H.B. Beal celebrating 100 years of educating...
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Dec 26, 2011  |  Vote 0    0

H.B. Beal celebrating 100 years of educating London

Our London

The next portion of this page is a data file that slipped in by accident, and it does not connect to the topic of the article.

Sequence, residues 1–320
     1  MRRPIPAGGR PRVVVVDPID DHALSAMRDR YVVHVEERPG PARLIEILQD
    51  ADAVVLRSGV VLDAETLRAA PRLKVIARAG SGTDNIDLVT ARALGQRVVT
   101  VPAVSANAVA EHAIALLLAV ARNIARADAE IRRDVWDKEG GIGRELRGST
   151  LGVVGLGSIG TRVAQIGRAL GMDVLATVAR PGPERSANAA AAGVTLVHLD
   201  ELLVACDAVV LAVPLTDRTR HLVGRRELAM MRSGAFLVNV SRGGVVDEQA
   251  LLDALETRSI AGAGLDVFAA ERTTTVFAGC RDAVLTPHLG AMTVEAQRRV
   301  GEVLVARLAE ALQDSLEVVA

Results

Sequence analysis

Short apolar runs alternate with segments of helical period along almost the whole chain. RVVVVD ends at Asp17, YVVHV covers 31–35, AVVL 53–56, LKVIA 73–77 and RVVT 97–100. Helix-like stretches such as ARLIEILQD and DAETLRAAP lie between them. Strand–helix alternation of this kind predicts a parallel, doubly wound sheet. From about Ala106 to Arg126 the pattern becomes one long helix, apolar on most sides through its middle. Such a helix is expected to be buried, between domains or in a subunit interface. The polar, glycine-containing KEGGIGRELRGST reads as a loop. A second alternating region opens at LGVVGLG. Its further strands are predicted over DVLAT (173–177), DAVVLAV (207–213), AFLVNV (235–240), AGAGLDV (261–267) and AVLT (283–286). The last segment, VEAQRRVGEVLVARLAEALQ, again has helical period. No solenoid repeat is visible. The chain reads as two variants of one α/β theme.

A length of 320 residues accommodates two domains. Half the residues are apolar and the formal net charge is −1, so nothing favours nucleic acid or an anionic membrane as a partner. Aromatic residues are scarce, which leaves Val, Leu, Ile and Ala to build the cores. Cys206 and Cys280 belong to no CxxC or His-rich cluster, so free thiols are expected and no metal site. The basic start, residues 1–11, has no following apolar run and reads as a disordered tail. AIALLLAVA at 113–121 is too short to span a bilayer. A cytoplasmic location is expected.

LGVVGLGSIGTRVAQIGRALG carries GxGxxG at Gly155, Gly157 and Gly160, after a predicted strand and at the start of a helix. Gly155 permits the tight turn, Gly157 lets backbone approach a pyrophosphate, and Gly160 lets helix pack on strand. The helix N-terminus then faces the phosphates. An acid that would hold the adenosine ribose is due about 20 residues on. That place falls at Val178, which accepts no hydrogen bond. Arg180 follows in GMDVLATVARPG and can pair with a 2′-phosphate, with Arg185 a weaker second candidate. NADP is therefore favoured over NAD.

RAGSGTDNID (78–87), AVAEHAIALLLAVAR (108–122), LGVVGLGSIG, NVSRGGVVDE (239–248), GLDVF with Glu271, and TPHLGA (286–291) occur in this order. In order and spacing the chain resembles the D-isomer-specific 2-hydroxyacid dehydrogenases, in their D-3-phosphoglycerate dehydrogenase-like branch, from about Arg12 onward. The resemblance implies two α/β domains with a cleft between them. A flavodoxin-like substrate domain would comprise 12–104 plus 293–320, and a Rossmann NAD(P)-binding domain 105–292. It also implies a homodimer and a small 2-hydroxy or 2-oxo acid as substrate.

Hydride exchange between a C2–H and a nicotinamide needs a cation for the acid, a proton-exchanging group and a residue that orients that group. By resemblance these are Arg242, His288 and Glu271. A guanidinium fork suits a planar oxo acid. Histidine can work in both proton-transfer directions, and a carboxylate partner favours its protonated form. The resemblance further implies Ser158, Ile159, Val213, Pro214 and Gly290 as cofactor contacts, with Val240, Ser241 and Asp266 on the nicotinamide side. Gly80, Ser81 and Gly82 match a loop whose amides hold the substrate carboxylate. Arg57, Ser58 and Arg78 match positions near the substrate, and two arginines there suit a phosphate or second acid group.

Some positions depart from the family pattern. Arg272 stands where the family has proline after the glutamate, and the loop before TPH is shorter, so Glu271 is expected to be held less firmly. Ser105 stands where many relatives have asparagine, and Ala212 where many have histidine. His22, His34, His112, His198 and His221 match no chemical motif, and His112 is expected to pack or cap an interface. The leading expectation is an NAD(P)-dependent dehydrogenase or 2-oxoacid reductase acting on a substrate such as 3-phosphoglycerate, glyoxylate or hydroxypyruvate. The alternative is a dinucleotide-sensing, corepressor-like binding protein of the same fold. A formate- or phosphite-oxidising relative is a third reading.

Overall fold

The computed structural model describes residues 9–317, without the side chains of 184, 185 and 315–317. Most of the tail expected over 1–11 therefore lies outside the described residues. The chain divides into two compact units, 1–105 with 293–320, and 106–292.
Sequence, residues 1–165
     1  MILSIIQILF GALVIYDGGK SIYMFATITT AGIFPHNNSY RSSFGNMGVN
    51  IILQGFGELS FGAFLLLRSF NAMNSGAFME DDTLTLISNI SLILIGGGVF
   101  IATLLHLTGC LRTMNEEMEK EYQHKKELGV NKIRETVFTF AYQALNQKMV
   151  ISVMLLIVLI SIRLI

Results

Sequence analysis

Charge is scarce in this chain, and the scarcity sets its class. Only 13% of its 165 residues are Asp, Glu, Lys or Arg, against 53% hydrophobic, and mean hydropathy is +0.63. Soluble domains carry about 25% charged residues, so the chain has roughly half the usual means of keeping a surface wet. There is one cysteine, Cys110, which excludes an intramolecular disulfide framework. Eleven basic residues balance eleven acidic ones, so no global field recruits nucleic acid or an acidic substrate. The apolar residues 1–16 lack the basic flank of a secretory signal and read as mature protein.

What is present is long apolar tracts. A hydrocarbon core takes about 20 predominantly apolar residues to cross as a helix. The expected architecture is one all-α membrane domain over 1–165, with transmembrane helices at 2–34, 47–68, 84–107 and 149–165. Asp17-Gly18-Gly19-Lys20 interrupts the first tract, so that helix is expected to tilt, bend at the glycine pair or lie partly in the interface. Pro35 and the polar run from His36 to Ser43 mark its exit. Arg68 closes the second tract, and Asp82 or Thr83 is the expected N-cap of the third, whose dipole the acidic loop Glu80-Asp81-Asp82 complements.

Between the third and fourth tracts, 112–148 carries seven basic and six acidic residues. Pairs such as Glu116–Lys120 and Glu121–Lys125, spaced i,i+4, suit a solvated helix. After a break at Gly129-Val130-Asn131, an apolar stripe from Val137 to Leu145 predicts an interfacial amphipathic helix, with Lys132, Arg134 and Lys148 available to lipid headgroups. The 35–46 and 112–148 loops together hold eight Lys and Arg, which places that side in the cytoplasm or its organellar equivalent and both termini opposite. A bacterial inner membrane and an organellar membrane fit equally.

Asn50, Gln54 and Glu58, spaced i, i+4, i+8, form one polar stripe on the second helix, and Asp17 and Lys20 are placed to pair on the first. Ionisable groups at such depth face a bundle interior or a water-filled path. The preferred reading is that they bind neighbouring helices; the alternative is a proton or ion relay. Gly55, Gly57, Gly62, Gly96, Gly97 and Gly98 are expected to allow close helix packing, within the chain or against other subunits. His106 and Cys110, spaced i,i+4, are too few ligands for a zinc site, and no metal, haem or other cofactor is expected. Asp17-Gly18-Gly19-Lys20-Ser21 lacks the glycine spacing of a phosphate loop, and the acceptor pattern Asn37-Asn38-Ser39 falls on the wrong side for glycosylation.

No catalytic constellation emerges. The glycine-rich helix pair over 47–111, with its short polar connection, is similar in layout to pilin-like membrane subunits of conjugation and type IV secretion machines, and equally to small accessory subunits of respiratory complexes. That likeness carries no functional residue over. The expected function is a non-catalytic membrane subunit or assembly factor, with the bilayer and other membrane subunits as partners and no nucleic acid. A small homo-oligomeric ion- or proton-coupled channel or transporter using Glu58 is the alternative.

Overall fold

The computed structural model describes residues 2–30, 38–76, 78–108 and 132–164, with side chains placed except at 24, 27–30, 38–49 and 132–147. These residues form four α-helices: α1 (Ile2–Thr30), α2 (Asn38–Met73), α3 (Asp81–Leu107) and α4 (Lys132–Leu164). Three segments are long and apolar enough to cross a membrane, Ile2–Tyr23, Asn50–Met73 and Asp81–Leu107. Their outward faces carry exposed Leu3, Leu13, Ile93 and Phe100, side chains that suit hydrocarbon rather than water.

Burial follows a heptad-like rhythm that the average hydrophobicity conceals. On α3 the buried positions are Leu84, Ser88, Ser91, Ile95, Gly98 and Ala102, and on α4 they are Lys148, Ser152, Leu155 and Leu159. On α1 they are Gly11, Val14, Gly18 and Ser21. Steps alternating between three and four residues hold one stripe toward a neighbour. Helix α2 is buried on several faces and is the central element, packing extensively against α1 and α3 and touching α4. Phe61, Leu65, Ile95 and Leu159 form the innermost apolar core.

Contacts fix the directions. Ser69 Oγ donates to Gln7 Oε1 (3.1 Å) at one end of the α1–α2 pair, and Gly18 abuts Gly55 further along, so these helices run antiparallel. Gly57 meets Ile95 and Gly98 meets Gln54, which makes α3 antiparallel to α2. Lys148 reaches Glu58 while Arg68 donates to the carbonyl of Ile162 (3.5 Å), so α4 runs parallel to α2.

By Jonathon Brodie/London Community News There’s no doubt H.B. Beal Secondary School has changed a lot over its 100 years of existence, but if you ask former vice-principal Al Herrington, just as much has stayed the same. Initially called London Industrial School when it opened in 1912, the school changed its name to the London Industrial and Art School that same year before sticking with H.B. Beal — the first principal of the Dundas Street school — in 1919. One thing that hasn’t changed since the school started, Herrington said, is the focus on special arts programs and hands-on courses. “It’s the most cosmopolitan of all schools,” he said. “Students might come for technical, they might come for art, they could come for so many reasons.” At one time, desks were in a single file line with a typewriter on them and the newsroom smelled of greasepaint. In keeping with modern times now, the school is filled with computers and even hosts a ­daily TV show called the Beal Broadcast. Although the arts program continues to grow at Beal, the venue for dance and drama has stayed the same since 1925. Beal’s auditorium seats 1,000, giving students a chance to rehearse and even perform in one of London’s biggest theatres. “It’s one of the nicest and largest auditoriums still to this day,” said Lana Agostini, a performing arts teacher at Beal for the last 11 years and alumni of the school since 1993. “I’m very fortunate I get to work with students in this way. When you work with kids on that level, it’s very enriching.” A piece of history Herrington is particularly proud of is a hallway leading from the front entrance of the auditorium running out to the school’s Dundas Street doorway. Originally built in 1919, the 39-year former Beal employee said he worked hard to keep the original bricks and floor of the hallway untouched. “I think it’s a symbol,” Herrington said about his fight to not have the original brick painted during his time as vice-principal. “It lets us remember who we are.” To this day the hall hasn’t been touched. Herrington retired back in 1996, but he can still be seen roaming the school and keeping up to date with students. The one thing he has noticed in all his years at the school is the passion the teens have for Beal. Paige Foskett is one current scholar who embodies Beal’s school spirit. “I think this school has a legacy,” said 18-year-old Foskett. “I’ve become a completely different person since coming to Beal. Performance defines me and that’s because of Beal.” A total of 153 students enrolled in the school’s inaugural year, and today Beal boasts a headcount of more than 1,800. According to the school’s principal, Don Macpherson, half of the students live within the city and the other half come from the surrounding area. “Beal has something for everyone,” Macpherson said. “It doesn’t matter your cultural background, your ethnicity, or whatever – you can find home here.” To remember Beal’s past, the school will be holding a 100th anniversary gala on  Jan. 12 ­— the school’s official opening. Some people in attendance at the event might even be able to give a history lesson to Herrington himself about the high school. “Beal’s oldest mom will be there. She’s 104,” Herrington said about Alma Willis, who had two kids attend the school back in the 1930s. “She was there before the school was built, but she’s still in pretty good shape.” The gala celebration starts in the morning with current students hosting a spirit day. The evening celebration, not open to teens, begins at 7:15 p.m. with a reception in the auditorium. Current and past students will perform theatrical and musical presentations. Tickets are $10 and are available at Beal, Tuckey’s Home Hardware, Chapters Book Stores and Belle Air Music. For more information about the event go to www.beal100.com.

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